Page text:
Faced with arrest and prosecution, he fled to France In 1833 and he was elected to the Academy and given the Légion dhonneur. Although his friendship with Arago helped him obtain some these prestigious posts, eventually their relationship went sour, between 1838 and 1841 Count Libri wrote and published a four volume History of the Mathematical Sciences in Italy from the Renaissance of literature to the 17th Century. In 1841, Libri obtained an appointment as Chief Inspector of French Libraries through his friendship with influential French Chief of Police François Guizot, in 1842, he stole the Ashburnham Pentateuch at the Library of Tours. He did not, hesitate to mutilate certain manuscripts, five volumes of the Peiresc fund, in 1848, as France was involved in a liberal revolution and the government fell, a warrant was issued for Libris arrest. However he received a tip-off and fled to London, shipping 18 large trunks of books and manuscripts, about 30,000 items, before doing so. On June 22,1850, he was, found guilty of theft by a French Court and his friend, the archaeologist and writer Prosper Mérimée, argued in his favor and was prosecuted for this.
Although Libri had arrived in England with nothing but his books and manuscripts, he led a good life and his money came from selling his books. Two large sales held in 1861 reputedly netted him over a million francs, in 1868, when his health started to deteriorate, Libri returned to Florence and died in Fiesole, Italy on September 28,1869. In 1888, the 5th Earl of Ashburnham sold a part of the documents stolen in France to the French national library including the Ashburnham Pentateuch. In 2010, one of the items, a letter from Descartes to Father Marin Mersenne concerning the publication of “Meditations on First Philosophy”, was discovered in the library of Haverford College. The college has returned the letter to the Institut de France on June 8,2010, andrea Del Centina, Alessandra Fiocca, Guglielmo Libri, matematico e storico della matematica
Piazza dei Miracoli
Considered sacred by the Catholic Church, its owner, the square is dominated by four great religious edifices, the Pisa Cathedral, the Pisa Baptistry, the Campanile, and the Camposanto Monumentale. Partly paved and partly grassed, the Piazza dei Miracoli is the site of the Ospedale Nuovo di Santo Spirito, which houses the Sinopias Museum, the square is sometimes called the Campo dei Miracoli. In 1987, the square was declared a UNESCO World Heritage Site. The heart of the Piazza del Duomo is the Duomo, the cathedral of the Archdiocese of Pisa. The cathedral has two aisles on either side of the nave, the transept consists of three aisles. The church is as the Primatial, the archbishop of Pisa being a Primate since 1092. Its construction began in 1064 by the architect Buscheto and it set the model for the distinctive Pisan Romanesque style of architecture. The mosaics of the interior, as well as the pointed arches, the façade, of grey marble and white stone set with discs of coloured marble, was built by a master named Rainaldo, as indicated by an inscription above the middle door, Rainaldus prudens operator.
The massive bronze doors were made in the workshops of Giambologna. The original central door was of bronze, made around 1180 by Bonanno Pisano, worshippers have never used the façade doors to enter, instead entering by way of the Porta di San Ranieri, in front of the Leaning Tower, built around 1180 by Bonanno Pisano. Above the doors are four rows of galleries with, on top, statues of Madonna with Child and, on the corners. Also in the façade is found the tomb of Buscheto and an inscription about the foundation of the Cathedral, the interior is faced with black and white marble and has a gilded ceiling and a frescoed dome. It was largely redecorated after a fire in 1595, which destroyed most of the Renaissance art works, the impressive mosaic of Christ in Majesty, in the apse, flanked by the Blessed Virgin and St. John the Evangelist, survived the fire. It evokes the mosaics in the church of Monreale, although it is said that the mosaic was done by Cimabue, only the head of St. John was done by the artist in 1302, his last work, since he died in Pisa the same year.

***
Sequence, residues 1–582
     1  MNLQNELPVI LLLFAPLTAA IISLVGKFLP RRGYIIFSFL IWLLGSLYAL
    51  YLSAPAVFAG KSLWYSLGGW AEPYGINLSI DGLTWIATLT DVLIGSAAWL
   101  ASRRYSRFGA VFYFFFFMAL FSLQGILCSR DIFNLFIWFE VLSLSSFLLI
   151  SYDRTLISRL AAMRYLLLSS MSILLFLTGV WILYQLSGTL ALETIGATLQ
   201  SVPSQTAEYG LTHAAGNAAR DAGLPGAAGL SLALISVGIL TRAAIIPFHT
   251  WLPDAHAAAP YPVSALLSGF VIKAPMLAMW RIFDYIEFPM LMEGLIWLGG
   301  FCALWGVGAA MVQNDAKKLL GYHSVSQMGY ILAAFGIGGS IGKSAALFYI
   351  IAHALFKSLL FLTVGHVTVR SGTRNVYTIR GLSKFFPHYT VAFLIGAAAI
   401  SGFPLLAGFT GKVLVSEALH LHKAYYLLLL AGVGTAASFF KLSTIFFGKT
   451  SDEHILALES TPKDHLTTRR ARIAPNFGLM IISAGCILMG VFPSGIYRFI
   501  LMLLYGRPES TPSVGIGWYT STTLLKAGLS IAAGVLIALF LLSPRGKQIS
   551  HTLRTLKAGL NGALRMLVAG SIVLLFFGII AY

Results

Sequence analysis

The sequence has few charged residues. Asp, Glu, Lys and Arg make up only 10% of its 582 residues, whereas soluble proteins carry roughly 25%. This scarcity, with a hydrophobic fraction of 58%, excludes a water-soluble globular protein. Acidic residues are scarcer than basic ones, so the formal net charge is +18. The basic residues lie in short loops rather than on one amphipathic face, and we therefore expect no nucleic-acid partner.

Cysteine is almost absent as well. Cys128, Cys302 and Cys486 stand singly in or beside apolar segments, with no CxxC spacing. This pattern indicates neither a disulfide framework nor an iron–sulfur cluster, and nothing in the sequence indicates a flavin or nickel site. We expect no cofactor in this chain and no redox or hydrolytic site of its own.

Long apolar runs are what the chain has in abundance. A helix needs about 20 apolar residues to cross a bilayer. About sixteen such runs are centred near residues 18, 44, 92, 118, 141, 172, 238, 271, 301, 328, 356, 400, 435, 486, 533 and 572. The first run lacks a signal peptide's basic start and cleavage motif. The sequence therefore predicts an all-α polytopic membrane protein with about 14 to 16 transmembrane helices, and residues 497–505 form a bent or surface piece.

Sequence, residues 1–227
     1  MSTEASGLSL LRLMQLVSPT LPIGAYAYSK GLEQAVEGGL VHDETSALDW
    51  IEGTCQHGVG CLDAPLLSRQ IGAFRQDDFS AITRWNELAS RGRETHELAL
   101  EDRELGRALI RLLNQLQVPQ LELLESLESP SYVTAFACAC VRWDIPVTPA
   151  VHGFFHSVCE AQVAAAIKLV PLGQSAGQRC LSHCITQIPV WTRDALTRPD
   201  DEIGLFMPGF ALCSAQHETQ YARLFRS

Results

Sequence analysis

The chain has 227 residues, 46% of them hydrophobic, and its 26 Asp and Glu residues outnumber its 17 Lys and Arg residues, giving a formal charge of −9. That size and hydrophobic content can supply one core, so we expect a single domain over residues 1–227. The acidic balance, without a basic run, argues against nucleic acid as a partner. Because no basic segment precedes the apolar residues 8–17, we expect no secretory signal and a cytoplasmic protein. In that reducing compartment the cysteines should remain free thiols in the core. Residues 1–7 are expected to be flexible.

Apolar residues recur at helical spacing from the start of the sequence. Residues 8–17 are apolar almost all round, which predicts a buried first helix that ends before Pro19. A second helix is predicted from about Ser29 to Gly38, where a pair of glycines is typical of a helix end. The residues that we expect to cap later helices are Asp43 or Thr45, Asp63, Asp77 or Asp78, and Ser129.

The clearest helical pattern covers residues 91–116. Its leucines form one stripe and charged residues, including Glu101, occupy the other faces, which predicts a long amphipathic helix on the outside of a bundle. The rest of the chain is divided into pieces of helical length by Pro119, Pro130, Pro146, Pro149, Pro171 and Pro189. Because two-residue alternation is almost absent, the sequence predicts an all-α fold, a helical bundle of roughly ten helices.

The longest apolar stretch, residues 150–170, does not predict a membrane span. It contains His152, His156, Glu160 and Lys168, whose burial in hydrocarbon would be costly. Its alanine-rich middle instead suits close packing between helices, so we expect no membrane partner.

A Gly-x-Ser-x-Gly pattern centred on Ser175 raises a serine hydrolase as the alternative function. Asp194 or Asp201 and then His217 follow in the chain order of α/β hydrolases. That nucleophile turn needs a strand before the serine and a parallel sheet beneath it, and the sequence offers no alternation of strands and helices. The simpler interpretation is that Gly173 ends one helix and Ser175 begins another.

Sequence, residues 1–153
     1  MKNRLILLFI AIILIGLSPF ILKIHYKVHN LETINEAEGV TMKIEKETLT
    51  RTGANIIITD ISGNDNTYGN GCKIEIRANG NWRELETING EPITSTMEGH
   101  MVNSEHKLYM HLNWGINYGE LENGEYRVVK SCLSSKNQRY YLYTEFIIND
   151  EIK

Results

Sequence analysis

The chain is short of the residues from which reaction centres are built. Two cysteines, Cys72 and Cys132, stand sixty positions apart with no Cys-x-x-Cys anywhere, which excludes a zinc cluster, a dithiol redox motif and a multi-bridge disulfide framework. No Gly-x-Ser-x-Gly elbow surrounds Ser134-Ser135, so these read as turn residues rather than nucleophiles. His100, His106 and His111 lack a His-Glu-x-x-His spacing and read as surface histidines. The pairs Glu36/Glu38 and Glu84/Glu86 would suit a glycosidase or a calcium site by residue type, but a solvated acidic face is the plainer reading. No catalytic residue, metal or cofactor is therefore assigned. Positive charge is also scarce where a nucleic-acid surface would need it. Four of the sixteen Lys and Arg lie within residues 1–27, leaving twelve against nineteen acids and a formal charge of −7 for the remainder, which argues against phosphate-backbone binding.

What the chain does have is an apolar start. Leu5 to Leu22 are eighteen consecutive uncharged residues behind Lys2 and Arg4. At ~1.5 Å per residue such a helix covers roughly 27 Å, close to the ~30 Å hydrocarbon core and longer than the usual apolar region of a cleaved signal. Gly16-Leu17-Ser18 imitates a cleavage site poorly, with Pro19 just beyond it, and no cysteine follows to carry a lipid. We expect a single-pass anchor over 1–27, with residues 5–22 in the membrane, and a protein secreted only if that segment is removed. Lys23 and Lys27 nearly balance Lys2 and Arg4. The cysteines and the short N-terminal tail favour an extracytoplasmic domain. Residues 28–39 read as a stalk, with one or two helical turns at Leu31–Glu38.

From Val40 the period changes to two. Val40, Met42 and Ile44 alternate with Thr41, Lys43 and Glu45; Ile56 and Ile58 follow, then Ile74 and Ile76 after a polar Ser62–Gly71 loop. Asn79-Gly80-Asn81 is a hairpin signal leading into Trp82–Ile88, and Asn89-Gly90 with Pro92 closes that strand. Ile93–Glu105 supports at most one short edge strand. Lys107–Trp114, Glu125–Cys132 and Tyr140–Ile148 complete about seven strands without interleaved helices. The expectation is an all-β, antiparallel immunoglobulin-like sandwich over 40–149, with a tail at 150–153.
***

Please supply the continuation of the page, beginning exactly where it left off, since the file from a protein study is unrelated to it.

The cupola, at the intersection of the nave and transept, was decorated by Riminaldi showing the assumption of the Blessed Virgin. Galileo is believed to have formulated his theory about the movement of a pendulum by watching the swinging of the lamp hanging from the ceiling of the nave. That lamp and simpler than the present one, is now kept in the Camposanto, the granite Corinthian columns between the nave and the aisle came originally from the mosque of Palermo, captured by the Pisans in 1063. The coffer ceiling of the nave was replaced after the fire of 1595, the present gold-decorated ceiling carries the coat of arms of the Medici
The sea is sometimes considered a part of the Atlantic Ocean, although it is usually identified as a separate body of water. The name Mediterranean is derived from the Latin mediterraneus, meaning inland or in the middle of land and it covers an approximate area of 2.5 million km2, but its connection to the Atlantic is only 14 km wide. The Strait of Gibraltar is a strait that connects the Atlantic Ocean to the Mediterranean Sea and separates Gibraltar. In oceanography, it is called the Eurafrican Mediterranean Sea or the European Mediterranean Sea to distinguish it from mediterranean seas elsewhere. The Mediterranean Sea has a depth of 1,500 m. The sea is bordered on the north by Europe, the east by Asia and it is located between latitudes 30° and 46° N and longitudes 6° W and 36° E. Its west-east length, from the Strait of Gibraltar to the Gulf of Iskenderun, the seas average north-south length, from Croatia’s southern shore to Libya, is approximately 800 km. The Mediterranean Sea, including the Sea of Marmara, has an area of approximately 2,510,000 square km.